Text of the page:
The time is right to snap up “bargains” in the financial markets following the widespread sell-off, according to Howard Marks, one of the world’s most formidable distressed debt investors.
“Today I am starting to behave aggressively,” the founder and co-chair of Oaktree Capital, said in an interview. “Everything we deal in is significantly cheaper than it was six or 12 months ago,” he added, highlighting drops in the prices of high-yield bonds, leveraged loans, mortgage-backed securities and collateralised loan obligations.
The main gauge used to measure junk US corporate debt has registered a loss of just under 13 per cent this year, its largest since the financial crisis in 2008, according to Ice Data Services.
Prices of loans offered to lowly rated corporate borrowers have fallen more than 5 per cent and are trading on average at 93.27 cents on the dollar, levels last seen in November 2020 just before Covid-19 vaccine breakthroughs were reported, data from S&P and the Loan Syndications and Trading Association showed.
Marks said Los Angeles-based Oaktree did not make investment decisions based on macro forecasts — such as how high inflation would rise or whether there would be a recession — nor try to time the market.
“I think the idea of waiting for the bottom is a terrible idea,” he said. Assets could get cheaper than current valuations “in which case we’ll buy more”.
Marks, 76, co-founded Oaktree in 1995 with a strategy of investing in “good companies with bad balance sheets” and has built the company into a $164bn powerhouse of debt investing. The company does not publicly disclose its financial performance.
His career has been founded on making big bets when and where others are unwilling to do so, and he sets out his investment views in a popular series of memos, whose regular readers include Warren Buffett.
“We’re more aggressive if we think . . . bargains are rife,” he said. “And we are more defensive if we think the market is elevated and investor behaviour is imprudent.”
Over the past year, Marks has advocated positioning on the more defensive side. “I thought asset prices were reasonable given where interest rates were, but I thought interest rates would go up, which meant prices would go down.”
Financial markets have sold off as the Federal Reserve has begun to sharply raise interest rates, piling pressure on treasurers across the globe. Borrowing costs have shot higher, with yields on highly rated corporate debt in the US averaging 4.72 per cent this week, double the level at the end of 2021.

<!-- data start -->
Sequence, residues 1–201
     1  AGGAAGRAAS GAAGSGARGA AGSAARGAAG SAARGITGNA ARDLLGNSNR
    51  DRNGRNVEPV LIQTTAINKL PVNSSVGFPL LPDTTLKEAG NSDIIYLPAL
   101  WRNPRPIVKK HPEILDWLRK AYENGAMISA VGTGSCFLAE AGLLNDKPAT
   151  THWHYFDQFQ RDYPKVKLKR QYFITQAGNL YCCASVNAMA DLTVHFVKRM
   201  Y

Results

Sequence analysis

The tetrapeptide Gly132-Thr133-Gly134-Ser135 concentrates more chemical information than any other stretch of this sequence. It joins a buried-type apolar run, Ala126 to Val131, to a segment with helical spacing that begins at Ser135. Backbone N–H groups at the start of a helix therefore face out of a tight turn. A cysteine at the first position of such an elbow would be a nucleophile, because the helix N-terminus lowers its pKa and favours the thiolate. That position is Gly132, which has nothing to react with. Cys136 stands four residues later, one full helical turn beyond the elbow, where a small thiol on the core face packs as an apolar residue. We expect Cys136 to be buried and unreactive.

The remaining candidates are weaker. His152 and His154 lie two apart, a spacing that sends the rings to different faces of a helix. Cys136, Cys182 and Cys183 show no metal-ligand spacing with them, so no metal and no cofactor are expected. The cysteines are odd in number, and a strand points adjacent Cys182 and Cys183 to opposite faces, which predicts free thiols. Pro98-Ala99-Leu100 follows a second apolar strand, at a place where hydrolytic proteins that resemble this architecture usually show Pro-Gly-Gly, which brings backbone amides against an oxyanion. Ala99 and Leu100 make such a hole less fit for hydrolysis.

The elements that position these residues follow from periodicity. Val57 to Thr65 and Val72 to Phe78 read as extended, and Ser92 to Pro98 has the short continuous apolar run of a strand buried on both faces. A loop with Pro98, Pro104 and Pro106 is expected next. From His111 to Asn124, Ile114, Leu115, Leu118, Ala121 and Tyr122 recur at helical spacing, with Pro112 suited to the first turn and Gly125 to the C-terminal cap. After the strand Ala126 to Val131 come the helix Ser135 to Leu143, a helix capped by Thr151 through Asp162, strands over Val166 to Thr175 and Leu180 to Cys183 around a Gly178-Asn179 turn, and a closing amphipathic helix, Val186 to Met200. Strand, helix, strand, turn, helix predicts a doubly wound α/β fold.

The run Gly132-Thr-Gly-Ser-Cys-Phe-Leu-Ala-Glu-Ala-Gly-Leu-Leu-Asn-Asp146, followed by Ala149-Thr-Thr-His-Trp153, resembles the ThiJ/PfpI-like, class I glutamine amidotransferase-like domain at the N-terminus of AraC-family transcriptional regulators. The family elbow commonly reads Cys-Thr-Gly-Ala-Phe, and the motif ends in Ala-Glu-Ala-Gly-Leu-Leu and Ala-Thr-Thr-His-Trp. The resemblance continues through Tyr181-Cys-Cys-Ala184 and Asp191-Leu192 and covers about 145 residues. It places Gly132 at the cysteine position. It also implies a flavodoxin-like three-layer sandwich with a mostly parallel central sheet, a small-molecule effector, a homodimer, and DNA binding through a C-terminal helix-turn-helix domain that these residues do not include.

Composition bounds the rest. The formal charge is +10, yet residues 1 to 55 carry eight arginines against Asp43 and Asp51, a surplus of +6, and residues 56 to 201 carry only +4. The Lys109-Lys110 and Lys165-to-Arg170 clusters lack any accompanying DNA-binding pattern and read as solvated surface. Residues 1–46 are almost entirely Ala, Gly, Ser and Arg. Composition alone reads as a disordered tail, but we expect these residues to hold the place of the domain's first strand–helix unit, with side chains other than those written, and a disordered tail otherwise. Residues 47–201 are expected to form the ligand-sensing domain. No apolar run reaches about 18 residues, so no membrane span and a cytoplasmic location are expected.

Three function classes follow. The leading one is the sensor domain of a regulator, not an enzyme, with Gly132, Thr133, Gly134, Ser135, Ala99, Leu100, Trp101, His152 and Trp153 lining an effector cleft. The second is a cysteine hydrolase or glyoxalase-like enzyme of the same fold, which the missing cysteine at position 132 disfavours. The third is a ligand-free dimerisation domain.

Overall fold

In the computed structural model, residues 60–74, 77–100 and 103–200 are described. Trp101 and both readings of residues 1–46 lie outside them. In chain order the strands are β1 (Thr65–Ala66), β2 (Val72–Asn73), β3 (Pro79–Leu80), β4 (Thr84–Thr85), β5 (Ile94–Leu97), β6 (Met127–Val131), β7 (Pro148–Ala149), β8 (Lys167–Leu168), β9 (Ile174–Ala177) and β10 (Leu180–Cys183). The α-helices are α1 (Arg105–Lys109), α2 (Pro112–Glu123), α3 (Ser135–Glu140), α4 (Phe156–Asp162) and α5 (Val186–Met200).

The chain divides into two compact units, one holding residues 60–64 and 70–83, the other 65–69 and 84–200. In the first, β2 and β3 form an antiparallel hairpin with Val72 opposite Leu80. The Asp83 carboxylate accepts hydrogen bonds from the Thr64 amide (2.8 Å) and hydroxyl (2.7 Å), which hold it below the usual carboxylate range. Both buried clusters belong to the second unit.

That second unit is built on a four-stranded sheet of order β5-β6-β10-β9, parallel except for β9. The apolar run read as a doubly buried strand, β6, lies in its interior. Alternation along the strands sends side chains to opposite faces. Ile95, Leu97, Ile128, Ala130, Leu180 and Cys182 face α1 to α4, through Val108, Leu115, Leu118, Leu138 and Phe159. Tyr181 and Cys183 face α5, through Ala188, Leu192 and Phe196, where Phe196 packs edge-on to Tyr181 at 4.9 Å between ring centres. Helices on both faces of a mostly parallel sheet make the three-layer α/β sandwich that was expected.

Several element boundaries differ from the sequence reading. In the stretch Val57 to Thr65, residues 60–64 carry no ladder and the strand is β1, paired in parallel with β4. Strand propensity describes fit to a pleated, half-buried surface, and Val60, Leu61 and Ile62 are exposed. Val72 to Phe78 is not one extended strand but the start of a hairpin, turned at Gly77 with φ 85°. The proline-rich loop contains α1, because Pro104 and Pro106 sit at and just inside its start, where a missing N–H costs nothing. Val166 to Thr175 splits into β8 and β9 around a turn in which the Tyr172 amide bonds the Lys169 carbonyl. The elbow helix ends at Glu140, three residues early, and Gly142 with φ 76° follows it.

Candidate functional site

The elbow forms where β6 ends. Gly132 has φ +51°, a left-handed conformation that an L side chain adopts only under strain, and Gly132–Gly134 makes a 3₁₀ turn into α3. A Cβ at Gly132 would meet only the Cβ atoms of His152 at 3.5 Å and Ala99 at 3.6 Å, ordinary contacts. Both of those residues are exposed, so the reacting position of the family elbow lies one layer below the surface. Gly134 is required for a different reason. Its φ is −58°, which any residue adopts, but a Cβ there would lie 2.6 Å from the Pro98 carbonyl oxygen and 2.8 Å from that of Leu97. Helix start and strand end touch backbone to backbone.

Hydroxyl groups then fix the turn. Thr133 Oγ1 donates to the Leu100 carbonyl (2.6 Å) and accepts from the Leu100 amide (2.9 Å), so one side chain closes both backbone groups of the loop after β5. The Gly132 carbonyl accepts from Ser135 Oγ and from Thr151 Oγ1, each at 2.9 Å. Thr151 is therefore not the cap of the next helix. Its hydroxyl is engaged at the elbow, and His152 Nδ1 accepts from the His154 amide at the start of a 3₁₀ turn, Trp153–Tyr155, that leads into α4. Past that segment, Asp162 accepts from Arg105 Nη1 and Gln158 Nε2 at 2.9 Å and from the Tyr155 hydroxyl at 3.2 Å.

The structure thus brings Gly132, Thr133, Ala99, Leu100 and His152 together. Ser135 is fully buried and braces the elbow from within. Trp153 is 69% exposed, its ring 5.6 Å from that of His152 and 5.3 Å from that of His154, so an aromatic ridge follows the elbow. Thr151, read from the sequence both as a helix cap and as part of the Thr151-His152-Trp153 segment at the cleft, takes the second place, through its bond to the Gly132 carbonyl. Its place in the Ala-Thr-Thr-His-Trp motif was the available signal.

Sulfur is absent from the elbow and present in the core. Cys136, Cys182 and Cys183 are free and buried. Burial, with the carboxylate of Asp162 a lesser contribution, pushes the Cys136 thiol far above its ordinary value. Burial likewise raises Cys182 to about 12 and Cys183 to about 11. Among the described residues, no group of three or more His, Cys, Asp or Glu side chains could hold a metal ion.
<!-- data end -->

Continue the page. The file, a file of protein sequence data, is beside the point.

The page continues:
For riskier groups rated junk by the major credit rating agencies, yields are now above 8.5 per cent, up from 4.32 per cent.
Oaktree, which sold itself to Canadian infrastructure group Brookfield at a near $8bn valuation in 2019, is one of the oldest specialists in chasing companies for unpaid debts. Marks said that while he expected the number of corporate bankruptcies to increase — following a period in developed markets where abundant cheap money from central banks has kept them low — he did not think this would reach double-digit levels like it did in previous crises.
Companies have taken advantage of low interest rates to lock in cheap financing during the pandemic, he said.
The bulk of Oaktree’s assets are managed in credit strategies but it also has much smaller divisions in real assets, listed equity and private equity. Marks questioned whether the average private equity fund could consistently outperform listed markets, and said leverage contributed a large part of the sector’s returns.
“Maybe the best private equity funds really do outperform, or maybe the rest do so in brief periods,” he said. “But you can’t talk about private equity outperformance over the long term based on the average private equity firm and the research that I’ve seen. Yes, private equity has produced very good returns in the last few bullish years. But given their leverage, shouldn’t that be expected in such a period?”
Until this year, and barring a sharp sell-off at the start of the pandemic, US equities were in a decade-long bull market, which Marks said had bred complacency. “When things are going well, people don’t worry about the downside. And they push into new areas that they have never been in before.”
He pointed to areas such as private assets, where mainstream investors in stocks and bonds have expanded, some with seemingly little concerns for matching fund liquidity with the underlying assets. “That’s bull market behaviour,” said Marks. “But when you get withdrawals in an illiquid market with declining values, those funds melt down.”
Marks argued the same psychological dynamics had driven investors into cryptocurrencies.
“The hotter the environment, the more people look at something like crypto and they go from saying it’s possible it will work to it’s sure it will work. And that’s when you get in trouble.”
He admitted he “did not know enough about cryptocurrencies to know if it’s going to work or not” but said he was sceptical because it was impossible to value them: “I believe that assets that don’t have cash flow don’t have intrinsic value . . . a good part of the value has to be conceptual and future oriented.”
Oaktree’s most high-profile recent deals have been in China, where it seized two crown jewel real estate projects from property developer Evergrande after it defaulted on $1bn of loans from Oaktree. Marks said Oaktree had not yet sold the two sites — Project Castle in Hong Kong and “Venice” on the mainland — but that “the process is going as it should. We’re in control of the assets, and we’re very optimistic”.
Marks said that Beijing’s zero-Covid policy was hurting Shanghai’s ambitions as a global financial centre: “you can’t put an economy into a coma and expect vigorous activity.”
Additional reporting by Eric Platt in New York